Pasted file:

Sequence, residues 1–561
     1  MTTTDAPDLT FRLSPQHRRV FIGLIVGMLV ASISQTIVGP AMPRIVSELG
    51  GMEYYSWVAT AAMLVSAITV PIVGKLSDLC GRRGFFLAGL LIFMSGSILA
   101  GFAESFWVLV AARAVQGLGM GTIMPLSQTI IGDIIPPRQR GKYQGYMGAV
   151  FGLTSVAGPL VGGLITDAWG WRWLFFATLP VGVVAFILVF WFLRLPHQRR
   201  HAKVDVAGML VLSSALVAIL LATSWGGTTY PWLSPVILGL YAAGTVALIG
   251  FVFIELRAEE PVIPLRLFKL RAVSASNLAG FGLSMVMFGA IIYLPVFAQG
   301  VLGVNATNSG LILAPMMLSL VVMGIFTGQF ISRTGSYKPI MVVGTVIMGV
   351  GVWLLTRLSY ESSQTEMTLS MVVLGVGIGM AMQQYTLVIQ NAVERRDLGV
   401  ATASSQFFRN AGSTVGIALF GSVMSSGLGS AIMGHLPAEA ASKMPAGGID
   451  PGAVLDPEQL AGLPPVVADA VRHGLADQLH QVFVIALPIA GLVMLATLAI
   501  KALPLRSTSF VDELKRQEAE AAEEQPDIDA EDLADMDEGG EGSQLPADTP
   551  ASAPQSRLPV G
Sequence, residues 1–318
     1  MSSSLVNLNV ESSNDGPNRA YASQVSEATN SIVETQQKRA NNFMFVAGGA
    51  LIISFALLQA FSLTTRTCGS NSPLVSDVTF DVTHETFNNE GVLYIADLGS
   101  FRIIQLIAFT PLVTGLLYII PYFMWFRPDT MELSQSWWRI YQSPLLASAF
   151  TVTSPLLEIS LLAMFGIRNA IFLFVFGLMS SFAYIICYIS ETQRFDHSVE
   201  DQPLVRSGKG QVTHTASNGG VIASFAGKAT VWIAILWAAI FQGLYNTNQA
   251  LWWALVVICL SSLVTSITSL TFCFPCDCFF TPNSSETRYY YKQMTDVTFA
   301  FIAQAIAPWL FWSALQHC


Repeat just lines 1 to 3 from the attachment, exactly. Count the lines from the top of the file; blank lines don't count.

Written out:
Sequence, residues 1–561
     1  MTTTDAPDLT FRLSPQHRRV FIGLIVGMLV ASISQTIVGP AMPRIVSELG
    51  GMEYYSWVAT AAMLVSAITV PIVGKLSDLC GRRGFFLAGL LIFMSGSILA